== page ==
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Tacking deer hide to form

Discussion in 'Beginners' started by jhunter13, Jun 19, 2014.

  1. jhunter13

    jhunter13 Member

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    With each deer I finish I am questioning more of my techniques and trying to improve. I have found that I am already doing things "my own way" which is very different from the way I was taught.

    With that said, I was working on a deer this week and got to the step where I was taught to use a brad nailer and tack the hide down to the form. This doesnt leave much room to taxi the hide if you later realize its off. Is this necessary with todays hide paste?

    Thanks

    Jon
     
  2. George

    George The older I get, the better I was.

    Jon please ignore that lesson. Only a quack would EVER recommend that. Prefit your hide to insure it matches. If not, alter the form or replace it. Take the hide off. Sand/scratch/sandblast the form to rough up the surface. Cover 100% if the form with glue. Install your hide. Press all the air rearward. Press the hide down into the form. If it tries to drum, cut small cardboard strips and use T-pins to tack the skin down TEMPORARILY . Leave the cards in place no more than two days without removing the card, adjusting the skin, and grooming before recarding IF NECESSARY. If you don't the hide will be deformed permanently.
     

  3. jhunter13

    jhunter13 Member

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    Thanks George. I was already doing the rest, now I will just skip the brads.
     
  4. ElkinsTaxidermy

    ElkinsTaxidermy www.ronelkinstaxidermy.com

    I was shocked when I saw Meder doing that in a video. He only did some of the 'low spots', but it still looked like a horrible way to teach someone.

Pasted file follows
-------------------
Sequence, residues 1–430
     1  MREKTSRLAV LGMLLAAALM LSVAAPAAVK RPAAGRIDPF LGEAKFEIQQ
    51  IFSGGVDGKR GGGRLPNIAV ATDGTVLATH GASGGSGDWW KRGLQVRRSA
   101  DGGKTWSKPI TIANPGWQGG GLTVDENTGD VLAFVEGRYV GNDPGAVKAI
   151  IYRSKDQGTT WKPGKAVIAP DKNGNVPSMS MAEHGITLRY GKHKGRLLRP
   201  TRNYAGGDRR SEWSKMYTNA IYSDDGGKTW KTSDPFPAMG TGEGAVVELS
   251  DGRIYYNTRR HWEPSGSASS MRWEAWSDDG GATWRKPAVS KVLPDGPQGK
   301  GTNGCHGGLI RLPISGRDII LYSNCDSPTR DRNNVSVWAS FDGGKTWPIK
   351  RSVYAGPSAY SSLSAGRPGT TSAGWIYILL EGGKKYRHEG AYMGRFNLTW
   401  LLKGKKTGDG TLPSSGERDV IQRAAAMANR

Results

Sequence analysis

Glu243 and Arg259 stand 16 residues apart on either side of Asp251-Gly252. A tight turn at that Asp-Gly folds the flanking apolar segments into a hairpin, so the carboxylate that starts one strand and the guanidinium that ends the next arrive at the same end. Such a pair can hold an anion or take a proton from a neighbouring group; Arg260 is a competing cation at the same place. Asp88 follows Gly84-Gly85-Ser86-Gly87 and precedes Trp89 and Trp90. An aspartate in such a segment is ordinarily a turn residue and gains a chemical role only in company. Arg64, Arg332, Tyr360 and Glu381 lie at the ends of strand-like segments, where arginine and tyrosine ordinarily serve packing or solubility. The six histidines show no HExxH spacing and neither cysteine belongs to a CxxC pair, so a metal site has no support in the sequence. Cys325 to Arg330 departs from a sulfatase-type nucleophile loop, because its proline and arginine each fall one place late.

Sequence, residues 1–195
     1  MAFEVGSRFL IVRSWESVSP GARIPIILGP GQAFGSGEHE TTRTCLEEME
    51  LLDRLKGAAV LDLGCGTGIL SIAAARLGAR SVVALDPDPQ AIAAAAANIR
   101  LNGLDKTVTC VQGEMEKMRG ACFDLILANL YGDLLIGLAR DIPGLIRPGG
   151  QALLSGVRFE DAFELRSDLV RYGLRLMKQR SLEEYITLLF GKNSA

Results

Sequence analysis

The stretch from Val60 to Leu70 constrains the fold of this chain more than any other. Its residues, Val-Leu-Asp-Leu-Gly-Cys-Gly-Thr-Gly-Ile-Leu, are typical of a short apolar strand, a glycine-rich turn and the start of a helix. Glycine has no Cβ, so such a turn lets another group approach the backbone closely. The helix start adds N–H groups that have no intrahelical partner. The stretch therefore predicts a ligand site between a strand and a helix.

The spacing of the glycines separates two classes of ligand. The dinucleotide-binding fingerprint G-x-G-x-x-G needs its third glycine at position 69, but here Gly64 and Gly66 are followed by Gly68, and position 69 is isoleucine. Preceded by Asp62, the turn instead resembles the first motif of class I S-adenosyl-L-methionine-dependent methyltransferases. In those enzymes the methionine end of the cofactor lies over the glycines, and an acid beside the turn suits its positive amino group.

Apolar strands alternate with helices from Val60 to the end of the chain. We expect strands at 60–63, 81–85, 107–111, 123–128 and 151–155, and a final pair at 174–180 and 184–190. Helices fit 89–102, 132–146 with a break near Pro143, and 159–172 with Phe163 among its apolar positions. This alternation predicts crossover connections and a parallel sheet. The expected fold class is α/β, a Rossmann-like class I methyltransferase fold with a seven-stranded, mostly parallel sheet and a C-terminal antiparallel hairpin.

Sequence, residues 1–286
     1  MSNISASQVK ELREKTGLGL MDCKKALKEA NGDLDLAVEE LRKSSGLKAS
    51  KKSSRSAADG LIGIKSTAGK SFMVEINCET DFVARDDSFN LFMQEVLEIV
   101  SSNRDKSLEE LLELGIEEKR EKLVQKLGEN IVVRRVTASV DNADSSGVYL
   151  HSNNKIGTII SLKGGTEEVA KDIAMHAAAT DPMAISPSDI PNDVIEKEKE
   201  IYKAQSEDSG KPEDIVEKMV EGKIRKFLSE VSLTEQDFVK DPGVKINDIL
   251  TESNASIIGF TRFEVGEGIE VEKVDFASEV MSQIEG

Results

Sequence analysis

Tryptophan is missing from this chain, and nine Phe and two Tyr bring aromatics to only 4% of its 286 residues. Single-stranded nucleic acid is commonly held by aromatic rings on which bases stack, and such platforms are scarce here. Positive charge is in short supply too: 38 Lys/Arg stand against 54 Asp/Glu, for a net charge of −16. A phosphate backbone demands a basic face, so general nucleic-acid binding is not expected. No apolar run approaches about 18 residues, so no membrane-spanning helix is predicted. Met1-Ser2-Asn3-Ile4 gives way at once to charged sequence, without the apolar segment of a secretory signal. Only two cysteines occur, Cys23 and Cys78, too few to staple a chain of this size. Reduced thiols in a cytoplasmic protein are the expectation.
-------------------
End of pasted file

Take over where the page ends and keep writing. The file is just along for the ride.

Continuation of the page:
5. George

    George The older I get, the better I was.

    Absolutely Ron. That's a great way to get "dimples" in your hide. Bet he would look down on that during show judging.
     
  6. duxdown

    duxdown New Member

    Well I can agree with George mostly. But application of glue 100 percent isn't something I do right away. I coat the face slightly then the neck good and slip the hide on. I finish my eye work then coat the face and slip it on and do the lips and eyes and ears and sewing. Then peal the hide back and finish with glue and make all my adjustment and lightly pin the arm pits and brisket in place after working all the air and making sure everything is were is should be. Then I staple and cut off excess.
     
  7. jhunter13

    jhunter13 Member

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    I have that video. I bought it after i finished classes. That was the main reason I continued the process.

    Thank you George and Ron.
     
  8. Tanglewood Taxidermy

    Tanglewood Taxidermy Well-Known Member

    I had a Breakthrough manual that showed where to brad nail the hide down. A few hundred brad nails and a dried deer head full of dimples later and , well, it was the first and last time I used that method. Now I MIGHT use four to six pins, however, zero pins is the norm.